The Conservatives released a big paper in February about how they’d fix the housing market. Their main ideas were to give small building companies more funding to build homes, outlaw renting agency fees, and give local authorities more funding to build council homes too.
The Lib Dems say the Conservative Party isn’t going far enough. They say they’d build 300,000 new homes, give housing associations more money, create a Housing Investment Bank to generate even more money, and recruit more people into construction. They’d ban renting agency fees too.
Labour wants to go even further. They say they’ll build a million homes, half of which will be council houses. They’ve talked about putting a cap on how high landlords can set the rent – called a ‘rent control’ – and creating a charter of private tenants’ rights to make sure they don’t get ripped off. They’d also make a list of legal standards that rented homes need to comply with, like requirements for safe wiring and freedom from damp.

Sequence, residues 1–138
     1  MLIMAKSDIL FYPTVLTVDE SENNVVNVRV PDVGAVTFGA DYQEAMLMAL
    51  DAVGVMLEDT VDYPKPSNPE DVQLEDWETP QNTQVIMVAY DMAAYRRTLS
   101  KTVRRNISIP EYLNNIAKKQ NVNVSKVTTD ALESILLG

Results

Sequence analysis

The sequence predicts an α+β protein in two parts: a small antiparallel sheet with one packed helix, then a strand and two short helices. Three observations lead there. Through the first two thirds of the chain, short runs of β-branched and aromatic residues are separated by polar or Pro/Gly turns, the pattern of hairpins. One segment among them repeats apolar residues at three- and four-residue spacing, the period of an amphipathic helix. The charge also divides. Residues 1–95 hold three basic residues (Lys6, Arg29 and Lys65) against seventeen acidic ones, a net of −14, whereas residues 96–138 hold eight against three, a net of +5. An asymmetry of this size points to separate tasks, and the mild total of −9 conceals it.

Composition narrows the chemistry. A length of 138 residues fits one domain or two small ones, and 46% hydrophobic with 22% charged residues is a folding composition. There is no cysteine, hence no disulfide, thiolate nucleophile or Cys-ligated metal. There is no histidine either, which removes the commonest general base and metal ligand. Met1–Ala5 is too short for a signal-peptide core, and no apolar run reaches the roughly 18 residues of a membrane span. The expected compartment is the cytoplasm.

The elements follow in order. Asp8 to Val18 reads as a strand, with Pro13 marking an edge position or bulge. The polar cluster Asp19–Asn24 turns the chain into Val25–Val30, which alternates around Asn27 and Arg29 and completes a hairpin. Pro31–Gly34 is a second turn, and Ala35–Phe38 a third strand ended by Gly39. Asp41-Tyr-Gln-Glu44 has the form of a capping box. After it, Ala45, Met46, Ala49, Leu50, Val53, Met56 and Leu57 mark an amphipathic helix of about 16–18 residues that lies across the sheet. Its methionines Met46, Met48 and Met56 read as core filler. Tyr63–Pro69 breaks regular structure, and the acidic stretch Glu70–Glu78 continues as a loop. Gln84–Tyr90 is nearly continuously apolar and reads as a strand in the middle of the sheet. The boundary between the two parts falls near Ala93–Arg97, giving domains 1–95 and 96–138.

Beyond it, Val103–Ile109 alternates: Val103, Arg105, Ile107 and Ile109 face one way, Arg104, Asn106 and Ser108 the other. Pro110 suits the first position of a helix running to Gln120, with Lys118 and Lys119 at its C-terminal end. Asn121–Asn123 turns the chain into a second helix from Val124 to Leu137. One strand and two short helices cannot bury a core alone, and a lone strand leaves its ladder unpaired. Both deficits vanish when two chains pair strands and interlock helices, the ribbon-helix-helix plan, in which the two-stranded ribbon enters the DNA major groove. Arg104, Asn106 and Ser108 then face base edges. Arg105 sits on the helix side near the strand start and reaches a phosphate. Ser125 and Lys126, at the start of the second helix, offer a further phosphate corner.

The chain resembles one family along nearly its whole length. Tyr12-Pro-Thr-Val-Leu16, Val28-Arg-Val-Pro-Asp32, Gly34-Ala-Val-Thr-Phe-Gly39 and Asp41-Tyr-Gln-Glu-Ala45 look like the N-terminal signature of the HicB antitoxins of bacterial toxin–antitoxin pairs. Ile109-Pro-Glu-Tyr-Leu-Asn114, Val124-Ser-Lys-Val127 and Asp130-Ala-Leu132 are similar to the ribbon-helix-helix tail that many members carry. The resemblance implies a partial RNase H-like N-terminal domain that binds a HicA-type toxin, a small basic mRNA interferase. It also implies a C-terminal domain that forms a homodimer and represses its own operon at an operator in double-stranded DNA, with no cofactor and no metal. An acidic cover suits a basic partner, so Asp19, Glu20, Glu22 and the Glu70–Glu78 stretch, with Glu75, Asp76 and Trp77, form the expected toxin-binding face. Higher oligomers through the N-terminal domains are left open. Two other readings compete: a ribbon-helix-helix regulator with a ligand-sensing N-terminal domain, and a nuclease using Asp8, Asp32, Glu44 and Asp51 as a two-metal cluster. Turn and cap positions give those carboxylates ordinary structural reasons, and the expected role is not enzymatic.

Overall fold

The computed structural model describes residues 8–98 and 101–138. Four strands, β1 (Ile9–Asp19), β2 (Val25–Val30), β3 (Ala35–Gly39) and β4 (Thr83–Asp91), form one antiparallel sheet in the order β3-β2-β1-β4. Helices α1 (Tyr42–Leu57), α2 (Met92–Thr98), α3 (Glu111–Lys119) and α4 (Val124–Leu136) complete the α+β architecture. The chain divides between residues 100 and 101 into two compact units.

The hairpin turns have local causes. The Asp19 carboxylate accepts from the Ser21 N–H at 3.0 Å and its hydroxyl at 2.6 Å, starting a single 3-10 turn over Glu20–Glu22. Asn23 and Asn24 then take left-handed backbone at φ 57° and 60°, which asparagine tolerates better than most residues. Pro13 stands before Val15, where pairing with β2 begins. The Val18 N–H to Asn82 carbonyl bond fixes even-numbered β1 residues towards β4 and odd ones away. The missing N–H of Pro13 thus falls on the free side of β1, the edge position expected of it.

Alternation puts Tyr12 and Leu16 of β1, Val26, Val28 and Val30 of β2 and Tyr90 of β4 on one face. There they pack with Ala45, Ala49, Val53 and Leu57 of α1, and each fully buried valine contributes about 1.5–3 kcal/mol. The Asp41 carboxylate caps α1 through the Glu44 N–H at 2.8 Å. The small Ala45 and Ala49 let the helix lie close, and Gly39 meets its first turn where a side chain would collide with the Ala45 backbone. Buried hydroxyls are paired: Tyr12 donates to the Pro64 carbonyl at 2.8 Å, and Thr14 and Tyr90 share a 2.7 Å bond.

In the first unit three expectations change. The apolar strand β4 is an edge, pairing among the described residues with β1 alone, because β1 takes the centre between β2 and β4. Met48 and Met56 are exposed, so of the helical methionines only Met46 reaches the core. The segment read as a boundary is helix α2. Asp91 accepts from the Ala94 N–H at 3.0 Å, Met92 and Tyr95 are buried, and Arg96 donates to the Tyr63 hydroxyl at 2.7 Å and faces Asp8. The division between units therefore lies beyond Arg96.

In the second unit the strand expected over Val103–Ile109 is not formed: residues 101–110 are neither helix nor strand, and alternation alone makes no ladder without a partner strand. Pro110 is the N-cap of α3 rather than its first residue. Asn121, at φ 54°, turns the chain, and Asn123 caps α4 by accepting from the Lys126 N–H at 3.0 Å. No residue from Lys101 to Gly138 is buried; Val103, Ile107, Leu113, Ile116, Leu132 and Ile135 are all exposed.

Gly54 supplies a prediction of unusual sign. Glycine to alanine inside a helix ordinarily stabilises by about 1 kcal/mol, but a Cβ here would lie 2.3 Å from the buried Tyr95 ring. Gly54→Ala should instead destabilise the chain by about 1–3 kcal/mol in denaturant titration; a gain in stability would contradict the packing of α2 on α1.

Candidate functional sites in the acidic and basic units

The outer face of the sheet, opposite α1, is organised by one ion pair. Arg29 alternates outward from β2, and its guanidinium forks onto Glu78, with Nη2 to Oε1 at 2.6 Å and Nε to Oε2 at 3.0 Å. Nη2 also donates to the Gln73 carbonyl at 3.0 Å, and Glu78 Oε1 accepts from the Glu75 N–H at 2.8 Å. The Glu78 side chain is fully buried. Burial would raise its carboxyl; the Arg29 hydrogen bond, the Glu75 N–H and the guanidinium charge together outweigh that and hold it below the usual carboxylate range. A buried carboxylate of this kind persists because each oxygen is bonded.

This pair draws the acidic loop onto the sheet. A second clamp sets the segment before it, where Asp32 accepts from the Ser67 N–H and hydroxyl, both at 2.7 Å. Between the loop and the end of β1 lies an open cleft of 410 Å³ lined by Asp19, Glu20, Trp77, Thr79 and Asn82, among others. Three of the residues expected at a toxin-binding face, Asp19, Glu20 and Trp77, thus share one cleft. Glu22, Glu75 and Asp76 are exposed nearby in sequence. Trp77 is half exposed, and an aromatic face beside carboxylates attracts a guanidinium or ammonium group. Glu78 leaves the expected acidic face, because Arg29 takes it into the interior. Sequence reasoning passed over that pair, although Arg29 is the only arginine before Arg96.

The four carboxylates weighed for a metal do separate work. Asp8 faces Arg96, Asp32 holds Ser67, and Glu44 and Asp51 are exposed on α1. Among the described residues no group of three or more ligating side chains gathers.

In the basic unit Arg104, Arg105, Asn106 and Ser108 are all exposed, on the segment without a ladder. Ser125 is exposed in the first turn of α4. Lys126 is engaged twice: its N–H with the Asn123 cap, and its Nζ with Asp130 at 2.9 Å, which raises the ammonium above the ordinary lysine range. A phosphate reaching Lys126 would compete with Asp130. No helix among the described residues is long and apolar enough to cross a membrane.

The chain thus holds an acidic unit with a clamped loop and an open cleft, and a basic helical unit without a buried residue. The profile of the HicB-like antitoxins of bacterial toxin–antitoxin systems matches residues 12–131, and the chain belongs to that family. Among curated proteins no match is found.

Hopefully you won’t have had to yet, but have you thought about what would happen if you got sick?
The Lib Dems have promised to treat mental health problems as equal in the NHS, said they will support the introduction of a regulated cannabis market (basically means legalization) and said they will treat drug use as a health issue not a criminal one. They've said they'll raise more money for the NHS by putting an extra penny on every pound everyone pays in income tax.
Labour has pledged £37bn for the NHS by 2022, which it says will be funded by tax raises for corporations. It's also said it'll stop the government from putting private companies in charge of running some parts of the NHS service – something called 'privatization' which the Conservatives have been doing quite a lot of. They've said they'll treat mental health issues equally in the NHS, and will fuse together the support services that exist for elderly and disabled people with the running of the whole health system.
The Greens are on side with these ideas as well, saying they want to take private companies out of the health system all together. So does the Scottish National Party.